As we increasingly embrace technology and the digital realm in our daily lives, there remain some limitations, such as planning for your death – written wills are still more valid than video or digital versions.
Recent Australian cases have acknowledged certain situations where digital documents may be treated as exceptions to the traditional formal Will rules – where the courts cast aside the legal requirement of having a written document with two witnesses. However, as so few cases have been successfully argued in the Courts, acceptance of them may only occur in exceptional circumstances.
Therefore, Baker Love recommends you get a professionally drafted written Will rather than risk your estate on a video or digital version. A written Will ensures that the estate administration process is a smooth one, and the drafting of such a document is relatively inexpensive when weighed against the costs incurred in proving that a digital will is valid.
Where the deceased has already prepared a written Will, this will take priority over any video or digital documents. In any case, the Court must consider whether such a document is admissible and pass judgment on whether the deceased was of sound mind at the time of the recording. The informality of digital documents leaves them open to manipulation, conflicting intentions and – in the extreme – sabotage. Courts therefore resist the acknowledgement of digital Wills.
The uncertainty of digital Wills may have distressing consequences for the families of the deceased. The range of technological documents available greatly broadens the search for a Will to discover the true intentions of a loved one. The uncertain legal status of a digital Will can lead to the high costs and emotional pressures resultant from lengthy court proceedings.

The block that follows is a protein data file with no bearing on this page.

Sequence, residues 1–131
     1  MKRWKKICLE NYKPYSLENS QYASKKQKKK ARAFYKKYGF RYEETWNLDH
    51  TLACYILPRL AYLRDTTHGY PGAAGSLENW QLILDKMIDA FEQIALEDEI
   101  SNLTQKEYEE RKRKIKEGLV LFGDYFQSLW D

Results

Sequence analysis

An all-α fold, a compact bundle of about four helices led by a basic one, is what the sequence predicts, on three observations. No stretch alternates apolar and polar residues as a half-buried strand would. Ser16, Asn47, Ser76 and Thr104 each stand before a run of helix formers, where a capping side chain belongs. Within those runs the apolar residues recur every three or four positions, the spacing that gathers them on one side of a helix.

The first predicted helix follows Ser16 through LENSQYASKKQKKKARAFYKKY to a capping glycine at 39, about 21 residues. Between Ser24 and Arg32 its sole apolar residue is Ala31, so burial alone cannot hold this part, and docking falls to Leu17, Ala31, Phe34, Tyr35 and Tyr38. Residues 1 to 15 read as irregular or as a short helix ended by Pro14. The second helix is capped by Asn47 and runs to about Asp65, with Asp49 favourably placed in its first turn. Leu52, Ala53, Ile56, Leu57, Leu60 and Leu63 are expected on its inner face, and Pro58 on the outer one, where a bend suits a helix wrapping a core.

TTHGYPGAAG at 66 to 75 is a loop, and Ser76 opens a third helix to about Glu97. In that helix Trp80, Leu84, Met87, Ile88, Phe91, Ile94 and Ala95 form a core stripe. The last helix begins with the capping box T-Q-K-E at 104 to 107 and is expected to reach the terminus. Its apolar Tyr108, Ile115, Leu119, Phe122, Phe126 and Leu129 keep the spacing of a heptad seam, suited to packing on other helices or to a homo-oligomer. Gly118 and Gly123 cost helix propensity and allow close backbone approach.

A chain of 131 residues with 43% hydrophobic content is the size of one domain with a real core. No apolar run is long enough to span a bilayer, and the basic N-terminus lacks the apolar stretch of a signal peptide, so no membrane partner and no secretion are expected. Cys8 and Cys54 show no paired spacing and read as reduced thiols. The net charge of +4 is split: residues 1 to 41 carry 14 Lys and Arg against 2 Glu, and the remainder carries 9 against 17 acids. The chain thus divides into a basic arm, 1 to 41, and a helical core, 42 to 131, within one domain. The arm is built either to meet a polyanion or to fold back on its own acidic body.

One case where a digital will was accepted by the Court as valid was in the Queensland case of Re: Yu. After Mr Yu’s tragic suicide, a number of documents were found on his iPhone, including an entry into his “notes” app, which set out his intentions for the division of his estate and the appointment of his brother as executor.
However, this case does not suggest that it is now acceptable to simply write up your intentions on your smart phone and think nothing more about settling your affairs. The success of this case rested entirely upon the very unique circumstances of this man. He used the official language of formal Wills, had no other written Will, and had created other documents on the phone supporting the validity of his intentions.
Unfortunately, some online businesses are cashing in on this digital trend, so you should beware of purchasing online Will products before their validity is tested in the Courts.
For example, there is a business website specifically focusing on the redistribution of your online accounts, including email and twitter, once you pass away. It claims to provide a “digital Will” and an online register of digital assets to enable people to control the direction of them when they die. However, the legal standing of these offers is yet to be tested and does not replace a written Will to communicate your last wishes.
This site’s existence does raise an important point – that we should consider all assets, including valuable digital accounts, when drafting our Wills. However Wills their traditional written form are still one’s best protection.